Psych-surf-shoegaze-gypsy-instrumental-spaghetti-western-reverby-music. I try not to define these guys by genre because they are so multi-faceted, and my mind gets tired of searching for adjectives, and my finger gets weary of typing dashes. Corespondents music is steeped in the spontaneous and the weird. It’s just downright sublime. I am especially drawn to the way they morph that gnarly surf sound, and how it can be inverted, transposed and stretched. Sometimes they make me want to dance and then sometimes I fall into a trance, watching all those nimble fingers create something truly original. Also, their new album is called “lolcats.” I’ll just let you take in that awesomeness. https://corespondents.bandcamp.com/
6) Insistent Caterpillars
Being a self-diagnosed jazz nut, this group really cracks that nut open. Cameron Sharif is an surprising, uncanny improviser, then add in Carmen Rothwell who walks bass like a motherf**ker, and the thoughtful stylings of drummer Evan Woodle and gee kids, you got a trio. Like Heatwarmer (you might notice Woodle is in both groups), they are playful, weird, and just a little off but balancing that with staggering musicianship. Original compositions, based heavily around improvisation and interaction between friends. It’s a blast to hear and watch.
7) Dean Johnson and Lowman Palace
Ah, Dean Johnson. A kind and talented guy that more people need to know about…pronto. Admittedly, I didn’t know his music until just a short time ago, but I’m enamored with his earnest songwriting, and his warm, unaffected voice. His music’s like a cup of hot chocolate with whipped cream. A warm down coat. An extra-soft pillow. A springtime day lying in the grass. OK, but anyway, he performs often with his band Lowman Palace, which is always quality, and when he recently sang harmony with Mindie Lind at The Sunset, it was one of the best things I’ve ever heard. Anyway you slice it, you’ll be enchanted. https://www.facebook.com/Lowman-Palace-285419208322139/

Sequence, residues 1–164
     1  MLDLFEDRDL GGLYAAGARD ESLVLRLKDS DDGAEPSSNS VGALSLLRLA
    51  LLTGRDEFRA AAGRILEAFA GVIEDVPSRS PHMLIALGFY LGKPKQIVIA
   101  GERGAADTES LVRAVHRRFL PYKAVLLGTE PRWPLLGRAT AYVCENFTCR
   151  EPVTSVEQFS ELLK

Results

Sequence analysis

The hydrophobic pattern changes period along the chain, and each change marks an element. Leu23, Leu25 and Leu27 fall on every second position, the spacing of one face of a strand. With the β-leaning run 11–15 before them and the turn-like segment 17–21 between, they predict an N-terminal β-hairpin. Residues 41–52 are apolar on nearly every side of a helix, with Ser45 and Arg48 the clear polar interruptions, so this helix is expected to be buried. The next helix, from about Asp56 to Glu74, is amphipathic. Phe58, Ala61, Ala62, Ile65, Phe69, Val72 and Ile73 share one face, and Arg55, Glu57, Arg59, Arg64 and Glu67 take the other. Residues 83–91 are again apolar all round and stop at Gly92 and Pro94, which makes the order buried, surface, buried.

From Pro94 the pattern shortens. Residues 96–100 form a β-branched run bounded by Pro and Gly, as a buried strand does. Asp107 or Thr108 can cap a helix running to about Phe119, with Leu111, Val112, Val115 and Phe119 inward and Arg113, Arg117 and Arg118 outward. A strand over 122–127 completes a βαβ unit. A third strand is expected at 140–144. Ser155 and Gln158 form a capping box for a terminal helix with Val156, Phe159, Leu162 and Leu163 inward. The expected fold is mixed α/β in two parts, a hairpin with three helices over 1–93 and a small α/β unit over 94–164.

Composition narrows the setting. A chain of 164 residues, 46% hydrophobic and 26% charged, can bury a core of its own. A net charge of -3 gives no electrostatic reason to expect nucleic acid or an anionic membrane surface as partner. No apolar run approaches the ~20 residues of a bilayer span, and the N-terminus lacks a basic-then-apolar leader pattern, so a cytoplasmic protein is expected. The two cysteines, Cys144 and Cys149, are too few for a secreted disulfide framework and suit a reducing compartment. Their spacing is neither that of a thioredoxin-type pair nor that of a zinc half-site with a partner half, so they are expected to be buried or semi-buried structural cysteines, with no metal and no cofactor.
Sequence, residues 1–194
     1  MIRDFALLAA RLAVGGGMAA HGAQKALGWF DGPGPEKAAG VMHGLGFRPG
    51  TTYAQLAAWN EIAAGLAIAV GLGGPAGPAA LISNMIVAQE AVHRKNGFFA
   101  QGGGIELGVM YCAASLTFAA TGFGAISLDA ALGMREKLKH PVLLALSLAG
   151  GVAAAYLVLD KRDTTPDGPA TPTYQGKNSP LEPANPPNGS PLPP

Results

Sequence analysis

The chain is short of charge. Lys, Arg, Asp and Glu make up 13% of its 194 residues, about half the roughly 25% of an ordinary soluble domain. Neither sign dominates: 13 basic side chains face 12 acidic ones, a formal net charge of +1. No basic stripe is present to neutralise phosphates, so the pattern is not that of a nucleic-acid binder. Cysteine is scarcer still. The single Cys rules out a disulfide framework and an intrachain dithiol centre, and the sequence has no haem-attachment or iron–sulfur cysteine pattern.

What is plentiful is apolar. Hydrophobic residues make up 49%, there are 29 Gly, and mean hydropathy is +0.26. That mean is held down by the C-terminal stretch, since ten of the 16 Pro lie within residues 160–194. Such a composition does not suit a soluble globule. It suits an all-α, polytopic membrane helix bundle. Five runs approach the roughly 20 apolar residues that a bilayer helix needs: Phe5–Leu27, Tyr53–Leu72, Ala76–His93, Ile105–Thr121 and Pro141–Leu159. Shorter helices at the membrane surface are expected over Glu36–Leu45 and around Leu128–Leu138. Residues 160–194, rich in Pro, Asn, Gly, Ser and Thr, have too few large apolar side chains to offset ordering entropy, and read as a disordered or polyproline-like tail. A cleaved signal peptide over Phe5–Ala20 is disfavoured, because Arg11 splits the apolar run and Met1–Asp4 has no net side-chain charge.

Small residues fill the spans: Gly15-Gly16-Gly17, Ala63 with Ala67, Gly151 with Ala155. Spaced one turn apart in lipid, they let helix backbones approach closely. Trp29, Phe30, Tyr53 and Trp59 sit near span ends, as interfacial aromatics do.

One of my favorites:
I love love this band’s inclusion of middle eastern musical influences like call and response, fluid and highly-ornamented vocals, overlapping rhythms, and that eerie Phrygian sound. The band comes by these influences naturally, having been founded by guitarist and singer David Rapaport (A.K.A. STITCX) who is originally from Tel Aviv, Israel. Add in lead singer Katie Blackstock and Joseph Braley and you’ve got quite the captivating group. https://maszer.bandcamp.com/music
9) Jamie Maschler
I have a secret desire to play the accordion and a not-so-secret desire to go to Rio so seeing Jamie Maschler, an amazing, virtuosic accordionist who plays mostly Brazilian dance music, was pretty much heaven for me. Maschler focuses primarily on a kind of accordion-dominant Forró dance music that is fast, pulsating and so exciting to listen to! This Brazilian classical music flows in movements (A, B, C sections), and the lead instrument, in this case the accordion, hardly has a moment to rest. The result is this incredible energy always pushing forward, with a strong, steady ostinato underneath. Maschler is an agile player and makes it look easy! http://www.encantobrazil.com/
I had the pleasure of seeing this hypnotic percussion duo in an intimate living room, sitting about two feet from them. As Andrew Angell bowed the slats of the marimba and David Solomon played beautiful four-mallet vibraphone, I sat there absolutely transfixed. The pieces they compose are meditative, calming and gorgeous, and I really appreciate the sort of skill and concentration it takes to create such a subtle mood. I know, many of us seek out live performances that will rile us up and make us want to dance, but I wish we paid more attention to this sort of music–the kind that can center us and quiet a busy mind. http://www.repercussionduo.com/